Greg M. Schwartz
The local chapter of SNAP, the Survivors Network of those Abused by Priests, attempted to hand deliver a letter of complaint to San Antonio Catholic Archbishop Jose Gomez yesterday, with the letter alleging inaction by Gomez in dealing with two clergymen whose religious orders have found “credible” claims against each of sexually abusing a teenager.
San Antonio SNAP Director Barbara Garcia-Boehland had to settle for handing off the letter to Robert Holbrook, the Church’s director of construction, real estate & facilities (which strangely sounds more like a position with the San Antonio Housing Authority.) Holbrook said Archbishop Jose Gomez wasn’t around.
The letter urges Gomez to “oust a credibly accused predator who’s now at a local parish,” to reach out to those hurt by him, to apologize and explain why two accused sex offenders are in his archdiocese and to disclose the names and whereabouts of any other child-molesting clergymen in the area. Garcia-Boehland says Gomez has failed to respond in any way to at least four prior attempts to contact him on the issue.
One of the allegations concerns Brother Richard Suttle, who was ousted last year from an Arizona elementary school after abuse charges and a public notice from the Phoenix diocese. Suttle now lives at the Immaculate Heart of Mary Catholic Church in downtown San Antonio. The other allegation concerns long-time St. Mary’s University professor Father Charles Miller, who was suspended last year for molesting a teenaged girl in San Antonio in 1980, yet received a transfer of sorts to Rome.
“Our concern is that he’s still allowed to come and go. What if he meets up with a foreign exchange student from San Antonio in Rome?” said Garcia- Boehland regarding Miller. She added that SNAP takes issue with the fact that Miller and Suttle are both still clerics and receive paychecks.
“He hasn’t shown any concern for the survivors,” said Garcia-Boehland’s husband Matthias Boehland, also a SNAP activist. “And after several other letters sent, no response… We’re concerned about why he’s allowing pedophiles to come here.”
“This is really dangerous, these aren’t the only two guys we know are here,” said Garcia-Boehland. She says SNAP has a list of some 60 pedophile clergymen in the area, but that the church would say it’s only around 20. “The reason my list is different is because the survivors haven’t all come forward.”
Garcia-Boehland said many of those survivors fear being ostracized by the Church. She says SNAP is working to lobby for new state legislation that would allow victims to come forward, without being constrained by a statute of limitations.
“What [the Church] will tell you is that some of the 20 have been moved and no longer work in San Antonio,” said Garcia Boehland. “Well why aren’t they in jail or being tracked?”
Deacon Pat Rodgers, communications director for the Archdiocese of San Antonio, says that the list of some 20 names is a historical list of all “credible” allegations since 1950 that the Church compiled as part of national research directed by the United States Conference of Catholic Bishops. Rodgers says credible equates to possibly true.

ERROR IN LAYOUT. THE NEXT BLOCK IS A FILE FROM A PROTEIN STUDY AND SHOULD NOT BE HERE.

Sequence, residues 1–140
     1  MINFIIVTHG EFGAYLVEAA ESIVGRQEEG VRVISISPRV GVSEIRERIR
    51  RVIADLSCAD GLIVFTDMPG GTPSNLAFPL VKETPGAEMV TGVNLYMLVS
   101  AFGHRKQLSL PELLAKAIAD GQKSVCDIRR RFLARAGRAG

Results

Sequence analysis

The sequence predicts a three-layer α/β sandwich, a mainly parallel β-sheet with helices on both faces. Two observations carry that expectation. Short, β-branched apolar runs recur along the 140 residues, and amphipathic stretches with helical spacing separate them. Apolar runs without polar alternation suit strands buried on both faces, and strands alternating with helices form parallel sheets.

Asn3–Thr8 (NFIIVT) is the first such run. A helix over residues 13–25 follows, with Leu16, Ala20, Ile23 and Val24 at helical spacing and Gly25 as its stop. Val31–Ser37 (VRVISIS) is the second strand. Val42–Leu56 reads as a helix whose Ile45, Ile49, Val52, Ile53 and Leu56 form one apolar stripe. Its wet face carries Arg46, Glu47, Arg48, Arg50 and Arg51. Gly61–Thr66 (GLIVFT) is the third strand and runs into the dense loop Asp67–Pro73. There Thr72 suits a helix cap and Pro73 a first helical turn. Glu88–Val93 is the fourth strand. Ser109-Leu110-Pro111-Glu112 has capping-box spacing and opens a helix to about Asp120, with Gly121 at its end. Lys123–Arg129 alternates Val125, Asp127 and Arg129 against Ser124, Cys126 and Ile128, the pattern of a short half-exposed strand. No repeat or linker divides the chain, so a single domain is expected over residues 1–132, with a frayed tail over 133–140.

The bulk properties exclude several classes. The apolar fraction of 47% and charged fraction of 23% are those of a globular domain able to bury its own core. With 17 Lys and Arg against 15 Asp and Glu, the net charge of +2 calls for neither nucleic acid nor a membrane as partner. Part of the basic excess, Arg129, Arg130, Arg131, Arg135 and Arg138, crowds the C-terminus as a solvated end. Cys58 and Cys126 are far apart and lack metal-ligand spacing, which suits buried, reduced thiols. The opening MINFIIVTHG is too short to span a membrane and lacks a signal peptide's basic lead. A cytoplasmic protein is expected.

“None of them are in the ministry,” said Rodgers of those on the list. He says seven are dead, a couple others are in prison and others were cut out of the priesthood. Rodgers also says that Miller and Suttle are under the jurisdictions of their orders, Marianist and Claritian respectively, with no current connection to the San Antonio Archdiocese. The Marianists are headquartered in St. Louis, Mo., while the Claretians are based in San Gabriel, Calif.
“We didn’t transfer any Marianist to Rome. That was his religious order,” said Rodgers of Miller. Rodgers says the Archdiocese is not connected with St. Mary’s University and that when informed by the victim of the allegations, the Archdiocese forwarded the information to the Marianists who then began an investigation.
Rodgers also says that the Archdiocese had nothing to do with Suttle moving here from Arizona.
“Brother Suttle is not in the ministry and he is being monitored by his fellow priests,” said Rodgers, noting that a Brother is simply someone who lives in a community with others of his common religious persuasion. Suttle has denied the allegations, which are still being investigated.
SNAP says that Gomez and Rodgers are “splitting hairs” when claiming that the Archdiocese has no authority over Miller and Suttle. Garcia-Boehland argues that Catholic canon law holds that each bishop is responsible for the wellbeing of every Catholic in his diocese and that Miller and Suttle therefore do fall under his jurisdiction.
“There’s always dialogue… I’m quite certain the Archbishop is dialoguing with both of those orders,” said Rodgers. “We’re all concerned about child abuse of any kind.”
Garcia-Boehland and SNAP feel that Gomez should move to revoke the ministry credentials of Miller and Suttle, and that Suttle should be ousted from his San Antonio parish. She also questions why Gomez didn’t make the matters public record once he knew the allegations were credible.
“It’s just very scary that these people are allowed to run around here in Texas,” said Garcia-Boehland.
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